NHL accounted for 22.2% of our GC cases; most (85.7%) were diffuse large B-cell type. H. pylori infection was reported in 43% of cases. The Sudanese study reported only 7.1% cases (five Maltoma and one Burkitt's lymphoma).8 Elzouki et al. from Libya found 10.5% malignant gastric lymphoma cases in their study, with H. pylori frequency of 63.2%.20 While observing the trend of GC in Brunei Darussalam, Chong et al. found lymphoma in 6.1% cases.14 A study from Yemen observed 7.4% lymphomas in their GC patients. The mean age for NHL in the Yemeni study was 46 years in females and 43.2 years in males.18 Satti et al. from Al-Khobar, KSA, reported 41.4% gastric lymphoma cases. They found H. pylori in 69% cases.21 Al Diab et al. from Riyadh, KSA, studied the pattern of extranodal NHL and reported that gastrointestinal (GI)NHL was the most frequent extranodal NHL and stomach accounted for more than 81% of all GI NHL cases. Diffuse large B-cell lymphoma was the most common histologic type in their experience.24 In 2007, a group of scientists from Madinah studied primary gastric lymphoma (PGL). They reported that all cases were of NHL. The peak age was in the sixth decade with a slight male preponderance. Diffuse large cell lymphoma was the most frequent type (55%). H.pylori infection was found in only 9% cases.25 Finally, from the southern city of Gizan, KSA, Gadour and Ayoola studied the frequency of upper GI malignancies. They found 24 gastric malignancy cases, of which 29.1% were PGL.26 An interesting observation highlighted during comparison of the gastric lymphoma in our study is that most of the international studies have found lower percentages of gastric lymphoma.12,19,24 In contrast, all the KSA studies have observed higher proportion percentages of gastric lymphoma, including the present study.21,24-26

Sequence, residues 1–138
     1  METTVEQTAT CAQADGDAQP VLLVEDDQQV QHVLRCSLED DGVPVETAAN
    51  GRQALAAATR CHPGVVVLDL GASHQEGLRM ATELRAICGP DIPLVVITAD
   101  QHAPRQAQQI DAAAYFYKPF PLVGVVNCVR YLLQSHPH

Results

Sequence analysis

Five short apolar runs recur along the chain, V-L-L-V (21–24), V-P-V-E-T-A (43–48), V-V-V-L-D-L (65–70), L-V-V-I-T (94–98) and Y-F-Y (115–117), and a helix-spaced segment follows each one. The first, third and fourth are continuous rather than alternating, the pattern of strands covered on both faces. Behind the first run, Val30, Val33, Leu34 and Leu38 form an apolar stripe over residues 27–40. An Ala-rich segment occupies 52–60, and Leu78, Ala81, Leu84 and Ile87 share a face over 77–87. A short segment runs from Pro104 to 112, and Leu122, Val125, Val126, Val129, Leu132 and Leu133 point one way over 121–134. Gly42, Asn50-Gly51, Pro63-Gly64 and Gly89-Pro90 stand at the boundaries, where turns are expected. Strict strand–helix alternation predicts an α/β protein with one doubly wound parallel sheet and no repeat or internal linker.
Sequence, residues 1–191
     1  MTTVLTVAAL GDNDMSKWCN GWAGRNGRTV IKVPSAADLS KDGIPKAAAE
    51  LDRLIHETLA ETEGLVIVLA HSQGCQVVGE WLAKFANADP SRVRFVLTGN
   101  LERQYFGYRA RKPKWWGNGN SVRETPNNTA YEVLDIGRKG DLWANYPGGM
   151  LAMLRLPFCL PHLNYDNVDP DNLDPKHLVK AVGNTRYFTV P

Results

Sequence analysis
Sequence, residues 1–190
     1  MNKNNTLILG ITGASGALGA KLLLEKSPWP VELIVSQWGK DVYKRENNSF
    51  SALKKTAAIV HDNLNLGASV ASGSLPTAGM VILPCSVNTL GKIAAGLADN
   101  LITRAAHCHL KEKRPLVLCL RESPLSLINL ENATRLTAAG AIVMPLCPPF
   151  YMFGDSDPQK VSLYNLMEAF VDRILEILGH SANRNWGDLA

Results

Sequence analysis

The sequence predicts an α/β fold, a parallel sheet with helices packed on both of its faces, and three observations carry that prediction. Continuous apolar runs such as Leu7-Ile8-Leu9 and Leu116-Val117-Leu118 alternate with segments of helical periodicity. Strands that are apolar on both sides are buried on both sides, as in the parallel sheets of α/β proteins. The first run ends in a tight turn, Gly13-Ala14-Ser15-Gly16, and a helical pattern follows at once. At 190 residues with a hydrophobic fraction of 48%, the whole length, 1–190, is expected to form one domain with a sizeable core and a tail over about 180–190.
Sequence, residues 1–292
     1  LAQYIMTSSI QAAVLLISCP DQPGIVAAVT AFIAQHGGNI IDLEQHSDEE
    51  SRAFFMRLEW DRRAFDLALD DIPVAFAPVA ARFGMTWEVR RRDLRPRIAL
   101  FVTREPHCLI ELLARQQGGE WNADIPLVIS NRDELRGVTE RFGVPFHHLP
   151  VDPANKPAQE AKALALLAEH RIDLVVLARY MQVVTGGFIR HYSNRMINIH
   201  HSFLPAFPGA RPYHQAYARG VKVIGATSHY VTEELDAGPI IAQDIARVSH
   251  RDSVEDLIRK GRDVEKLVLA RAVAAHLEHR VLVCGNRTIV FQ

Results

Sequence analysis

Conclusion

Although GC was more common in males, its frequency was higher in females of younger age group. Moreover, a significant association between glandular differentiation and patient's age was observed. Younger patients presented with poorly differentiated tumours more frequently as compared to elder patients.
All KSA studies observed higher percentages of gastric NHL, including the present study. We recommend further prospective studies at multiple medical centres to investigate the epidemiological and aetiological factors of high frequency of gastric NHL, such as H. pylori infections, etc.

Disclaimer:
None.
Conflict of Interest: None.
Source of Funding: None.